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MIS Systems Thread, Hosted SIMS outage - anyone affected? in Technical; Originally Posted by pcstru SIMS .net is an N tier architecture that is no more designed to be "run locally", ...
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    glennda's Avatar
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    Quote Originally Posted by pcstru View Post
    SIMS .net is an N tier architecture that is no more designed to be "run locally", than a browser based MIS. That you don't understand the difference shows you really don't know what you are talking about. Perhaps you could persuade BromcomTechnicalExpert to post instead, if you have any.
    Ok its not completly designed to be run locally but the only parts which are designed to be web-based are extra add-ons (such as SLG).

    The only parts of the Sims.net client (as it stands) which can put put through a browser are reports which you can pull out as HTML.

    Unless you put a lot of time and money into a self hosted SLG which a school local to me has but they have 2 full time web developers and have pretty much designed all there internal web applications around the Sims Learning Gateway webparts.

  2. Thanks to glennda from:

    BromcomPublicRelations (13th July 2011)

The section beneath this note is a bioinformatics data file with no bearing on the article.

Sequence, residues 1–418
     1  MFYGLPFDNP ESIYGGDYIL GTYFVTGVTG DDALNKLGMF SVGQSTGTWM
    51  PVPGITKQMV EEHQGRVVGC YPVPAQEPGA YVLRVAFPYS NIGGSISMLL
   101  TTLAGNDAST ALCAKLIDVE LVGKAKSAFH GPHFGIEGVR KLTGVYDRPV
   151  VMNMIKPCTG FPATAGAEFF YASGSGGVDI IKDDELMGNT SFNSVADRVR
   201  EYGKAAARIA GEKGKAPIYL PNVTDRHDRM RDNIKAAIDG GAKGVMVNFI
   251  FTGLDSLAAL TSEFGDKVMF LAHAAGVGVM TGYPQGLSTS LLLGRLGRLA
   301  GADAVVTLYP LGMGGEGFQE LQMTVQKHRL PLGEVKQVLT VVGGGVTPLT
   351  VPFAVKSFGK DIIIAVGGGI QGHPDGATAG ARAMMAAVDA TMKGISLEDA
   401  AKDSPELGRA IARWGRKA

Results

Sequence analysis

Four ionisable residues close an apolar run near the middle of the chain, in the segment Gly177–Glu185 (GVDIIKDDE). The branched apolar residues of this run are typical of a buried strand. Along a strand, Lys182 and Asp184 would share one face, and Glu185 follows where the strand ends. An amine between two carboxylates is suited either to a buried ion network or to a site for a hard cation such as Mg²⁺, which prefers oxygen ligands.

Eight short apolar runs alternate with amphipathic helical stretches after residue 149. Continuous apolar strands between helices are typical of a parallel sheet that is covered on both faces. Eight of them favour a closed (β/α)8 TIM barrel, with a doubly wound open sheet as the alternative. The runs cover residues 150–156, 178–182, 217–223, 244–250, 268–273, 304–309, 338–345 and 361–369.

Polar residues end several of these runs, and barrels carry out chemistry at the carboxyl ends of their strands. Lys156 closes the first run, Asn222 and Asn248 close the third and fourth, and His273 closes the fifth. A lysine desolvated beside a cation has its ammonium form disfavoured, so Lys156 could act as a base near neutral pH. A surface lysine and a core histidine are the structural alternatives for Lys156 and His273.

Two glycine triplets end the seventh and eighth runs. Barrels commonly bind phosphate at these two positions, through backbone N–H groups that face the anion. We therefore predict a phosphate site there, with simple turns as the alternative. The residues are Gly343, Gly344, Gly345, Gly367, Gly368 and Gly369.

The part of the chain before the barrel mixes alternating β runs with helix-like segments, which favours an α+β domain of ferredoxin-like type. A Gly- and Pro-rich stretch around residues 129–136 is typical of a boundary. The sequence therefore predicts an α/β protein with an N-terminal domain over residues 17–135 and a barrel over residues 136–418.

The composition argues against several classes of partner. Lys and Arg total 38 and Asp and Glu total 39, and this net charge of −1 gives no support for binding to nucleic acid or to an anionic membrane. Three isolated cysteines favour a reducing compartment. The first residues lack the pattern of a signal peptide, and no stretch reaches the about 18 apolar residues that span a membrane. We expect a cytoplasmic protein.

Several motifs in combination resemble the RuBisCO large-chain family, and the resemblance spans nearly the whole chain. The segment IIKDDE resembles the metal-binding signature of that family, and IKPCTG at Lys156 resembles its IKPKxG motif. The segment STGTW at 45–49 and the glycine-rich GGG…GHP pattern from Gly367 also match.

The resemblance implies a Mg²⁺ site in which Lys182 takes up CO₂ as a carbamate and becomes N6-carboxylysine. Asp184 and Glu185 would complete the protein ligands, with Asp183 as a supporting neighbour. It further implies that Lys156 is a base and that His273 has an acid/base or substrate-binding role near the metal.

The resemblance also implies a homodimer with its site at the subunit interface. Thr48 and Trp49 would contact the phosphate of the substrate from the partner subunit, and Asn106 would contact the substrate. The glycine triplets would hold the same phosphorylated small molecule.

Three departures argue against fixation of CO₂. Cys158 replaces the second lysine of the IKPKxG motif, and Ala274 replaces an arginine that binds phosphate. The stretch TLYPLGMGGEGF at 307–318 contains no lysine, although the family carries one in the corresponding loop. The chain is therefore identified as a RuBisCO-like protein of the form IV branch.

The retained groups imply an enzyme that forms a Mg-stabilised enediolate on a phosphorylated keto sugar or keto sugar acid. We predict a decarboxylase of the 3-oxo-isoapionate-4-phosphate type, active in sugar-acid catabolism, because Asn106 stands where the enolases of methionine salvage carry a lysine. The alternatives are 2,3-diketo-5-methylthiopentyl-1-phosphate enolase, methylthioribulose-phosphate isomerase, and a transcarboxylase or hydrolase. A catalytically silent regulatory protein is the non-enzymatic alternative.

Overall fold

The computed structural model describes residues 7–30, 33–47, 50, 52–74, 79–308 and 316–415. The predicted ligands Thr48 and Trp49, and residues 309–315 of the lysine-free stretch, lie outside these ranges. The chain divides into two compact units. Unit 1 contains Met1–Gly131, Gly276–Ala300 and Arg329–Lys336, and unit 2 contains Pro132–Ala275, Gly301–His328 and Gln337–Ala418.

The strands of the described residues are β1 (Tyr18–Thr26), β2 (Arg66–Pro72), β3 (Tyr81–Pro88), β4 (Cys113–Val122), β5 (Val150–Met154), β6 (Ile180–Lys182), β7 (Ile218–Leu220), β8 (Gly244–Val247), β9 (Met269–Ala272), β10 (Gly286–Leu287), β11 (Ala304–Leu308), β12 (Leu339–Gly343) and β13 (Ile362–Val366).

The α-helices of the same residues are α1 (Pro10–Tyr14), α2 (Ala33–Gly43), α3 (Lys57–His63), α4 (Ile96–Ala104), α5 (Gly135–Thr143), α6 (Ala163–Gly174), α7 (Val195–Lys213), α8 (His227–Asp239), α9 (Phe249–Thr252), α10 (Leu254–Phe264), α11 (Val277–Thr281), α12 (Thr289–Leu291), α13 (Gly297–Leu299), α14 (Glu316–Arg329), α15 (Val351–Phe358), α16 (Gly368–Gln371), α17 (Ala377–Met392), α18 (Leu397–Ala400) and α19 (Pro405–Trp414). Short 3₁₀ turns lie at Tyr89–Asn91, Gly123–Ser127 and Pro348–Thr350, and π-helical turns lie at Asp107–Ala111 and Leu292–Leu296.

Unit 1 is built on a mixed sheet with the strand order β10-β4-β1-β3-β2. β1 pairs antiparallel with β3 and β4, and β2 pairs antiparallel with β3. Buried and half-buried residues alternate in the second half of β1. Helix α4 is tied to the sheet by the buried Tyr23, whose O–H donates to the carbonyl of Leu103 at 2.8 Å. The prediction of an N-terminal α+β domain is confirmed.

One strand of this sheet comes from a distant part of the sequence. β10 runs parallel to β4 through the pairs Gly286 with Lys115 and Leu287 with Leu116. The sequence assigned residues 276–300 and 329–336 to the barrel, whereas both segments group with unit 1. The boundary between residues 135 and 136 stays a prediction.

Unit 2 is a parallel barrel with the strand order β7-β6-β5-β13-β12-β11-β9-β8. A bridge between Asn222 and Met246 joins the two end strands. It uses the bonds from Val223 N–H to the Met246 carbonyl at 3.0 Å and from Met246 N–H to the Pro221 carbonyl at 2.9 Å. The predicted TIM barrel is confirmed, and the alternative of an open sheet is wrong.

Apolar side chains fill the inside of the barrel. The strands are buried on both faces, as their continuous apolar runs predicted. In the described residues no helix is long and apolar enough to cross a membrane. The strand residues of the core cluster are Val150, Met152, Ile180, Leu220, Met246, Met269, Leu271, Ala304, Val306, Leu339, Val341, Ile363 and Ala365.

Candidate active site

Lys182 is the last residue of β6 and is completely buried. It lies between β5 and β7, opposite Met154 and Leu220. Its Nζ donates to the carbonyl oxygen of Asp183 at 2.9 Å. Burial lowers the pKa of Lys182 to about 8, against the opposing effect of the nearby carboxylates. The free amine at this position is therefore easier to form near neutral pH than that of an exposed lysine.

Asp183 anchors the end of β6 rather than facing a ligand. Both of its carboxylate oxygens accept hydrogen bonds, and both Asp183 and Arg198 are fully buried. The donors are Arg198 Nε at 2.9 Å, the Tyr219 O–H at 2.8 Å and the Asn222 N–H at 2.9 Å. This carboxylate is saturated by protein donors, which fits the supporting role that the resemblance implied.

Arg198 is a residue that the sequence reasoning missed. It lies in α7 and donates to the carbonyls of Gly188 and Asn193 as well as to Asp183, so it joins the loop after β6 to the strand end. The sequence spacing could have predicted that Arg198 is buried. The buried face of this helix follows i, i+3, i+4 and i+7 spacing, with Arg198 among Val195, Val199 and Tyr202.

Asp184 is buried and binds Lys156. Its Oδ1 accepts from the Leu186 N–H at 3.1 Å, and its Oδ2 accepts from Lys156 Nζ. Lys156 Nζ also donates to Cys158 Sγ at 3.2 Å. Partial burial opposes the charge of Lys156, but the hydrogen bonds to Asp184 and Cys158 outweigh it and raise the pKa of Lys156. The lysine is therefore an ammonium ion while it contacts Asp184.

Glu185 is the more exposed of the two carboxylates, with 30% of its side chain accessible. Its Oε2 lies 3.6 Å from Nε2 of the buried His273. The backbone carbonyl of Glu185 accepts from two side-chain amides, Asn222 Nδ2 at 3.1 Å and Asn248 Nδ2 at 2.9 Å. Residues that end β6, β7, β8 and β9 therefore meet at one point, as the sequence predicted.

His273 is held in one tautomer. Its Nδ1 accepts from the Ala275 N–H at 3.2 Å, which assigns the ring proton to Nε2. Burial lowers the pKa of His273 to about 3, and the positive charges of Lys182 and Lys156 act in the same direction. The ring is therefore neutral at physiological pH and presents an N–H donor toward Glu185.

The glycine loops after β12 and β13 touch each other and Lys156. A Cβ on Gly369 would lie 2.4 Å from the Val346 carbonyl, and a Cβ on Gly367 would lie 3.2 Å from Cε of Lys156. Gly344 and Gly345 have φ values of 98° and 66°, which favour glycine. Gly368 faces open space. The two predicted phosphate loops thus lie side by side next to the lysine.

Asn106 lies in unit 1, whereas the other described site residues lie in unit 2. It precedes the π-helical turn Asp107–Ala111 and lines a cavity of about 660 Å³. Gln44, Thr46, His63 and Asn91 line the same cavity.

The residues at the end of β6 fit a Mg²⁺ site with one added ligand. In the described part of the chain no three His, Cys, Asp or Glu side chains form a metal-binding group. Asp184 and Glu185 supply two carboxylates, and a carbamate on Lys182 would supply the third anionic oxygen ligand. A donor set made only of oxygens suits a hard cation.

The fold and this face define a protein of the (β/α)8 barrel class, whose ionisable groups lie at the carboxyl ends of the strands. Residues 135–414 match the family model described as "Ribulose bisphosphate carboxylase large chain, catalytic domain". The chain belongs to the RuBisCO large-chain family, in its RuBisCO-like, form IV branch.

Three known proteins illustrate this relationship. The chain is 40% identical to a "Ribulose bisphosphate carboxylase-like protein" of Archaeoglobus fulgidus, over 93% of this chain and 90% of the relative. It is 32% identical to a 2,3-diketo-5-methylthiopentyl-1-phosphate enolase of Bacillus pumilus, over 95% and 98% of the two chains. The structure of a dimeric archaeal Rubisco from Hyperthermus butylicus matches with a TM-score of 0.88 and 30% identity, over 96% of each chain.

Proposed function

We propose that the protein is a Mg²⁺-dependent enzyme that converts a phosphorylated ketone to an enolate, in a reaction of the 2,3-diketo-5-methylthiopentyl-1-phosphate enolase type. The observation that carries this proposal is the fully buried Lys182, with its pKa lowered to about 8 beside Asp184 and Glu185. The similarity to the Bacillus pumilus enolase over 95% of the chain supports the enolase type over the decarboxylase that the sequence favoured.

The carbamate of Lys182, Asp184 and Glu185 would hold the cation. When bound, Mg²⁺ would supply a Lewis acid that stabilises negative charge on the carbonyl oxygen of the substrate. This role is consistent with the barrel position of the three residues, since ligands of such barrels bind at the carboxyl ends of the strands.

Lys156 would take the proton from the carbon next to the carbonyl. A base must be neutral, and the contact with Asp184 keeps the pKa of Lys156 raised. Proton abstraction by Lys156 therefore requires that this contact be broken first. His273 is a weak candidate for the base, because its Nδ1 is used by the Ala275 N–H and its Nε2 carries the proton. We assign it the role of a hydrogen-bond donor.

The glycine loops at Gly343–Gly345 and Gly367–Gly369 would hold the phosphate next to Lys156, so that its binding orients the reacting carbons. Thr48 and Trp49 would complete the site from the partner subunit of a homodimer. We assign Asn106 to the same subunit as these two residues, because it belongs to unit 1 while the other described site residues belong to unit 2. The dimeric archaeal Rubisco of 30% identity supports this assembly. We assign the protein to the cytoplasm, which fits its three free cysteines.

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    Quote Originally Posted by glennda View Post
    The only parts of the Sims.net client (as it stands) which can put put through a browser are reports which you can pull out as HTML.

    Unless you put a lot of time and money into ...
    glennda,

    Thank you!

    We are pleased to read someone understands what we are talking about!

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    matt40k's Avatar
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    Just to confirm a few things, Norfolk is hosted by Capita, not the LA. Like Phil said, it was a problem with the "indentity management". This would happen in a any "cloud" environment, even if SIMS was truely Web\Cloud-y. It's the problem with centrally hosted, I guess you could say it's also happen to centrally managed (ie push out and update and it kills everything)

    One thing to remember is the end-user, ie SMT, teachers and office users choice the MIS system, not techies, if we did, do you think FMS would still be going (at least as it is now)? If the best way to work is a Windows Application, a Windows Application it shall be and a expensive Terminal server job it shall be if it needs to be in a "cloud" environment. I agree the cloud will be the future, but it isn't there, it was Capita would swap overnight, they have the money. The proof is that Microsoft still sells Office 2010, they still have a huge roadmap for Azure and other cloud bits and they even still have articles stating cloud still isn't the answer for all applications. Come on Bromcom, we know Windows Apps in terminal isn't true cloud, we've heard it all from Microsoft and Google.